Mike and DeShawn stood right at the edge of the river and Mike asked the young man if he was ready for Jesus to be King of his life? This is a kid that only a year and a half before was so rude and disrespectful that he would often be sent home from our Tuesday night outreach ministry and here he stood in the Ohio River ready to put on Christ. DeShawn came up out of that water to applause and tears from a church family that is a glimpse of what heaven is going to look like.
The Rivers Church began on Sunday, December 18th at 10:02 a.m. at Maiden Alley Cinema in Paducah, Kentucky, a half block from where the Ohio and Tennessee Rivers converge. From its outset, it has been our goal to be racially integrated, ethnically diverse, and outreach focused. Nones, Dones, and the next generation are our targets. Our ministry team spent time praying, talking, studying, and then praying some more about the vision for a church that could open doors for all people to hear the gospel in a post Christian culture.
Why 10:02 a.m.? Our gathering time is based on Luke 10:2- “...The harvest is plentiful, but the workers are few. Ask the Lord of the harvest, therefore, to send out workers.” At The Rivers Church, we’ve based our lives on the truth of the gospel -- we know that the gospel is the best message in town that everyone needs to hear but Christians have made it harder and harder for people to hear the message because we’ve often lost our focus. We are convinced that if we go to where the people are, like Jesus said, and if we love them and love each other, then the gospel will do the rest.
Only God could have assembled the ministry team at The Rivers Church. This is what we’ve got- My husband Mike Moore is a trial attorney and was an elder for 5 years at an old established wealthy church. He also is a fantastic preacher. (I know I’m a little biased.)
Tyrell Grant is a former rap producer drug dealer who became a Christian and quickly decided he wanted to be an evangelist. He went to school and got a preaching degree. His wife, Marquita is a preacher’s kid with an early childhood degree who leads our children’s ministry.
Cornelius Edwards is a wonderfully gifted worship minister. Before he joined our work he traveled from his home base in Atlanta all over the country to lead worship at special events. Check out his music on iTunes and YouTube. His wife Soyini has an awesome voice as well and was willing to leave her job at CNN because she believed in this vision of what church could be. She has an innate sense as to what people need and ministers to many already!
Lyle Sinkey is a former meth addict who is an outdoorsman and preacher. He just finished up a contract with Duck Commander where he was a videographer.He and his wife Kelly joined our team to minister in the areas of addiction recovery and marriage.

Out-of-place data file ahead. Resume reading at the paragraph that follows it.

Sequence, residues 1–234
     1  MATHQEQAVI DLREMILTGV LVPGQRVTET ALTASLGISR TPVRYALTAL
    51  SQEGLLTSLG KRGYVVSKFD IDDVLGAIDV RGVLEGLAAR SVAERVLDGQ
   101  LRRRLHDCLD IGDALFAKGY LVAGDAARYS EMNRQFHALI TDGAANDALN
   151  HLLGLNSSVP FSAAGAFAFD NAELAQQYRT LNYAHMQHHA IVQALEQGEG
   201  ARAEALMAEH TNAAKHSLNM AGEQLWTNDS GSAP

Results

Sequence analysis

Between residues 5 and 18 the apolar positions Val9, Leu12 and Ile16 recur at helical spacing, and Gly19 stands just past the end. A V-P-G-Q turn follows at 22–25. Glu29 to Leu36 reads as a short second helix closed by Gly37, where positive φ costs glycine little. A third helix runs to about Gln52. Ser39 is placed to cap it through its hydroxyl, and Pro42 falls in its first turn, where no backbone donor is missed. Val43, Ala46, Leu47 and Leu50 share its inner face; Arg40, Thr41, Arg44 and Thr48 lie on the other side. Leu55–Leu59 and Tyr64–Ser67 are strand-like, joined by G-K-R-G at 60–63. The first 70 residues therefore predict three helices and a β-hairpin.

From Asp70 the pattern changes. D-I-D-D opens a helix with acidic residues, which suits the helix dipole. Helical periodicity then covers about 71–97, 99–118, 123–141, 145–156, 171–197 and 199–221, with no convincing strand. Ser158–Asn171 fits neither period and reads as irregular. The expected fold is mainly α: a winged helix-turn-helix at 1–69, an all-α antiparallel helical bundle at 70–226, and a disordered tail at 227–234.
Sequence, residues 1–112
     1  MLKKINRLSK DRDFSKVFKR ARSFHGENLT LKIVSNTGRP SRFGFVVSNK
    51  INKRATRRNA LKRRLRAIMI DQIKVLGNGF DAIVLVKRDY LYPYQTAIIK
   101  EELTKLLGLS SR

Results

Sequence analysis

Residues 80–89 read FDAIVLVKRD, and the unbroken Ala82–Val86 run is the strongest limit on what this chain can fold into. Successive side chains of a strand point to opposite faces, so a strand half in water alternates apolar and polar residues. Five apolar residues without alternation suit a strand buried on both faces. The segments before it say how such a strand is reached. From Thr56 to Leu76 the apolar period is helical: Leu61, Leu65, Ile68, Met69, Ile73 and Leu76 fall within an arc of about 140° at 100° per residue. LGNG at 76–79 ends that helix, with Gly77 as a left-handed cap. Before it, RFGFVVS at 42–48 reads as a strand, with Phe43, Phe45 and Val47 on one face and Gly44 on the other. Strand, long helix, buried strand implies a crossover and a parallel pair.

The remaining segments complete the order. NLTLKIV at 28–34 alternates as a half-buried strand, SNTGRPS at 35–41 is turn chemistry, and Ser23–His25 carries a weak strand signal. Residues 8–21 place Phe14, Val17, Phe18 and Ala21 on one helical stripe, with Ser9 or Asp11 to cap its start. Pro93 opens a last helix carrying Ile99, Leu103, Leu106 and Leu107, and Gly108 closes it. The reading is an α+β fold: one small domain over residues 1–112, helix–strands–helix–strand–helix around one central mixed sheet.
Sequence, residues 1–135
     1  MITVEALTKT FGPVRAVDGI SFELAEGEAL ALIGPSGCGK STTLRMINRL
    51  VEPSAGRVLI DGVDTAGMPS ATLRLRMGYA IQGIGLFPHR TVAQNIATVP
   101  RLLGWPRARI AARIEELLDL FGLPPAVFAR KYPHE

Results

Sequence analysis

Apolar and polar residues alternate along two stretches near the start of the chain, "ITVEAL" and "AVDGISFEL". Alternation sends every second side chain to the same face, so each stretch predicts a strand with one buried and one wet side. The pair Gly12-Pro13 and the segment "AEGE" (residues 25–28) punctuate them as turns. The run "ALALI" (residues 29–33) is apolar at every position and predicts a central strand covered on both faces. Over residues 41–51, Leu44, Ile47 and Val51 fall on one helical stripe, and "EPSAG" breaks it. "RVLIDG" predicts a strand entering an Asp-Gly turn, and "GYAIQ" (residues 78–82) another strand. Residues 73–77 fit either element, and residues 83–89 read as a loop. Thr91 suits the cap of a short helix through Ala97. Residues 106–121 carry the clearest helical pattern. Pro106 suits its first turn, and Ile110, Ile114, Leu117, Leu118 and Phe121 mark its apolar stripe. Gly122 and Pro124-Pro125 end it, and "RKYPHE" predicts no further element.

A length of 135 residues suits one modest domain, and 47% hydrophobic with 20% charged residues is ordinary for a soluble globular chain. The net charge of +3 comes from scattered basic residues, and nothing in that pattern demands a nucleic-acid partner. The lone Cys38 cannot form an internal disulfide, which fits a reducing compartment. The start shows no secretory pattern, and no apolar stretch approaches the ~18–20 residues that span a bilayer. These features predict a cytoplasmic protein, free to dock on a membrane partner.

Finally, there’s me. I’m a former homeschooling mom and wife who was raised going tochurch.I lead our women’s ministry and make some pretty delicious communion bread.
The Rivers Church is a group of believers that are trying to live with our faith unshackled. Only Cornelius is a paid staff member. Soyini recently started her own business. Lyle and Kelly are raising their support like U.S. missionaries. Mike maintains a full law practice and I’m his office manager.Tyrell and Marquita run a daycare and Tyrell is also a blogger/tech guy.
We don’t have a building and it is our intention to never have one. Our rent at the theatre annually is the equivalent of one month’s utility bills at our former church. We’re trying to keep it simple. We use Mike’s Law office for small group Bible studies offered to the community. Tyrell and Marquita lead a small group in their home weekly. We have an outreach ministry that ministers to low income at risk children that meets at a shelter at the park. All of our gatherings are intergenerational. Families serve together. We’ve worshipped at the Farmer’s Market pavilion and will have worship this fall right at the river.
Martin Luther King Jr. said this in Letter From Birmingham Jail, “If today’s church does not recapture the sacrificial spirit of the early church, it will lose its authenticity, forfeit the loyalty of millions, and be dismissed as an irrelevant social club with no meaning for the twentieth century. Every day I meet young people whose disappointment with the church has turned into outright disgust.”
Dr. King spoke truth in 1963 and it is even more true in 2017. Young people don’t care what you know about Jesus until they see how you love like Jesus. My teenage daughters invited their seventeen year old friend to worship with us. When worship was over, I asked her what she thought. Her answer let me know that we are headed in the right direction. She said with lots of excitement, “I love this! At the end, I just felt like I needed to go around the room and hug everyone. You can feel the love.”
I think we’re on the right path.
Follow us on Social Media Contacts at:
Facebook: The Rivers Church @TheRiversPaducah
Ginger Moore is a 47 year old reluctant church planter, who just celebrated her 25th wedding anniversary. She’s the mom of a 17 year old daughter and an 18 year old daughter who are so proud and excited to be a part of the work. Her theme verse for the year has been 2 Timothy 2:13- "When we are faithless, he is faithful for he can not deny himself." God has been so very good and faithful as we have planted this church and he has brought the increase.
I want to share thoughts, insights, and scriptures that lead us in the direction of Christ.